As a video showed, recorded from a balcony of a nearby house, the fire catches on the right side of the elephant before it runs towards the jungle, trumpeting in pain. 

Within moments, the panicked elephant disappears into the wilderness, but the fire can still be seen burning bright through the darkness.

People can be heard shouting in the video, although it is unclear if they are shouting because the elephant is on fire, or in an attempt to shoo it away.

Tragically, the 40-year-old elephant suffered serious burn injuries near its ears and died on Tuesday while it was being transported on its way for treatment by officials.

It was reportedly found by forest rangers in a very weak condition, and was being transported to an elephant sanctuary when it died.

Two people, identified as Prasath and Raymond Dean, both natives to Mavanallah, were taken into custody.

A further man, identified as Ricky Rayan, is also involved in the case but out of town and the police are trying to locate him and make an arrest.

Asian elephants have been listed as endangered since 1986, with the wild population having decreased by an estimated 50 percent since the 1930s and 1940s.

The estimated 27,000 - 31,000 elephants in India are threatened by loss of their habitat, environmental degradation and habitat fragmentation.

With over 80 percent of India's population being Hindu - a religion that considers elephants a sacred animal - the news of the attack is likely to spark outrage.

Elephants are seen as the living incarnation of one of their most important gods, called Ganesh, an elephant-headed deity.

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Franchise Group Inc. announced plans to acquire Pet Supplies Plus for $700 million.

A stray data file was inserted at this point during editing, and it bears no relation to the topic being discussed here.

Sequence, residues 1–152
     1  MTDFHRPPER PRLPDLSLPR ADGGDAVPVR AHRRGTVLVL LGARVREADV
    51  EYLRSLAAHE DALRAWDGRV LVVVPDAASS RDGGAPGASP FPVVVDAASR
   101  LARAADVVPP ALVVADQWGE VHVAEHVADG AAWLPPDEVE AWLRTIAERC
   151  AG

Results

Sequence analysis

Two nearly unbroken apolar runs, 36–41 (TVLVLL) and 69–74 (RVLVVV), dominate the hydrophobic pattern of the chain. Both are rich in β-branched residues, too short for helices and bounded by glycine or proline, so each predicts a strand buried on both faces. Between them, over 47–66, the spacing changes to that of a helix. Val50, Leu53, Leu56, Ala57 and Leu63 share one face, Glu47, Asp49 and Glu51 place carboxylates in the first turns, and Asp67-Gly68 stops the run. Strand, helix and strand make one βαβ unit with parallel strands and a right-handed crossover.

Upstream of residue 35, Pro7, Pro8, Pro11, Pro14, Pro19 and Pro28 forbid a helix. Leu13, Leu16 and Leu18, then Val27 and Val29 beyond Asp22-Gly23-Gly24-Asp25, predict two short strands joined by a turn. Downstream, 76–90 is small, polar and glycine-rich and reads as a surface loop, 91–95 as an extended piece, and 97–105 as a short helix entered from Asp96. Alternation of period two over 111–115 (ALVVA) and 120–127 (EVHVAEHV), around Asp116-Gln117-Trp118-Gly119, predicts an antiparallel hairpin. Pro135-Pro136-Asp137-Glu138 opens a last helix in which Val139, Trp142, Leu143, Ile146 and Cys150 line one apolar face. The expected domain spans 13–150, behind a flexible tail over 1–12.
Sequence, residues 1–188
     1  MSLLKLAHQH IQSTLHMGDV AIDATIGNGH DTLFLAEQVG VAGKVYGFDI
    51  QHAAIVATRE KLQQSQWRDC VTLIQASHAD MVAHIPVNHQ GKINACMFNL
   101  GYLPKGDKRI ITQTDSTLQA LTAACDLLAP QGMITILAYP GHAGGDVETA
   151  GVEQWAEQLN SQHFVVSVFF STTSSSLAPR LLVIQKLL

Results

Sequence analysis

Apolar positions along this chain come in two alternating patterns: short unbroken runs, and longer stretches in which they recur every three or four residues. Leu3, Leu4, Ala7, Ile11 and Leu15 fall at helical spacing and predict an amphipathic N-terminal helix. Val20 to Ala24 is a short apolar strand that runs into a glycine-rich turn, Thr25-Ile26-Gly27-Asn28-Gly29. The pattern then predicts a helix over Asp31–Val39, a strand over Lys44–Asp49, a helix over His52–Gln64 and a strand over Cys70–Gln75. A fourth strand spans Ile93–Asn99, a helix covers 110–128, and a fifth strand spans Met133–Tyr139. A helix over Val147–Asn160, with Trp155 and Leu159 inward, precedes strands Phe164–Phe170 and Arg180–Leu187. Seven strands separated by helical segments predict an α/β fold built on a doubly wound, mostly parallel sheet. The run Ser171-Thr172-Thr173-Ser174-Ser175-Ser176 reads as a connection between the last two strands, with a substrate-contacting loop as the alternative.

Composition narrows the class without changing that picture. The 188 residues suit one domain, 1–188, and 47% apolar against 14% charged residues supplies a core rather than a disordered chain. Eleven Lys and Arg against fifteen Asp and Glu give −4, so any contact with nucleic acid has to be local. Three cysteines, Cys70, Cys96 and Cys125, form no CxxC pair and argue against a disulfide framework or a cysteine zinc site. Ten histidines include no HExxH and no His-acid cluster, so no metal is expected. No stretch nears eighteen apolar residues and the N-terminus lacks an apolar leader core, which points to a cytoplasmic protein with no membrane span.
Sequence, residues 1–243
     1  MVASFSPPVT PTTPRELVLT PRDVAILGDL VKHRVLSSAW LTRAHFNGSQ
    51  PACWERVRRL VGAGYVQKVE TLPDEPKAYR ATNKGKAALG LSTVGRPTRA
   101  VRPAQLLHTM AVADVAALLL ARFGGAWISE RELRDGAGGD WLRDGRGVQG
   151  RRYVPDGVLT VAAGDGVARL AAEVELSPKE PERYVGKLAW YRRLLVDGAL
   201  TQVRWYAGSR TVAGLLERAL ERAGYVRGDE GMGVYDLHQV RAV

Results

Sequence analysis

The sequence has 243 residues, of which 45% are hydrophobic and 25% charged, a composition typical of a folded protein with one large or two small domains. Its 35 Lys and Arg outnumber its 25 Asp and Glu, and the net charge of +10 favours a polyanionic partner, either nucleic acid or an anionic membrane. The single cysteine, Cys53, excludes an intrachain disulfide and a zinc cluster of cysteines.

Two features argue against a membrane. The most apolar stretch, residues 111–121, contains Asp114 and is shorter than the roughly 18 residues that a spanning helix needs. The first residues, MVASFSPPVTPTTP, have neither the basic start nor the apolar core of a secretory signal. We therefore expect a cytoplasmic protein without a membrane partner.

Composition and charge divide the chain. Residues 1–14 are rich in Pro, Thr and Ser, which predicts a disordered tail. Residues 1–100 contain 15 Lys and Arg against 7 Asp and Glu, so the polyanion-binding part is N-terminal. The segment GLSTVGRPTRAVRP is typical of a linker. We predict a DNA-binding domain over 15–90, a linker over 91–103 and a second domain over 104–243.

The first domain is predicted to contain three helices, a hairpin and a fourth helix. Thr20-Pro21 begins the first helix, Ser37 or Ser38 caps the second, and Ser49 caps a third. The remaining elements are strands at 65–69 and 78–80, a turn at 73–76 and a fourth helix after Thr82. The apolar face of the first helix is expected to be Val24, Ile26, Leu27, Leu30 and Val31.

The group (NASDAQ: FRG) is buying Pet Supplies Plus, a retail chain and franchisor of pet supplies and services, from affiliates of Sentinel Capital Partners in an all-cash transaction. The deal is expected to close in March.

Founded more than 30 years ago, Pet Supplies Plus is “a mature and rapidly growing pet industry franchisor with a footprint of more than 500 locations, of which almost 60 percent are franchised,” according to a press release announcing the acquisition. It’s described as “the leading franchisor in the pet industry, with superior unit economics and a turnkey franchise system driving a backlog of more than 185 new stores in various stages of development nationwide.”

“We look forward to welcoming Pet Supplies Plus, its management team, employees, franchisees and neighbors to Franchise Group when this Transaction closes,” said Brian Kahn, president and CEO of Franchise Group. “PSP adds another franchise concept with strong unit economics, diversification into an economically resilient and secularly growing pet industry, and a brand that has and will continue to experience robust unit expansion from its franchise system. The additional scale and diversification that PSP will afford Franchise Group is expected to immediately lead to lower costs of capital and expanded free cash flow generation. We look forward to partnering with PSP’s outstanding and long tenured management team to accelerate their already ambitious expansion plans while leveraging Franchise Group’s best practice functions to drive incremental efficiencies.”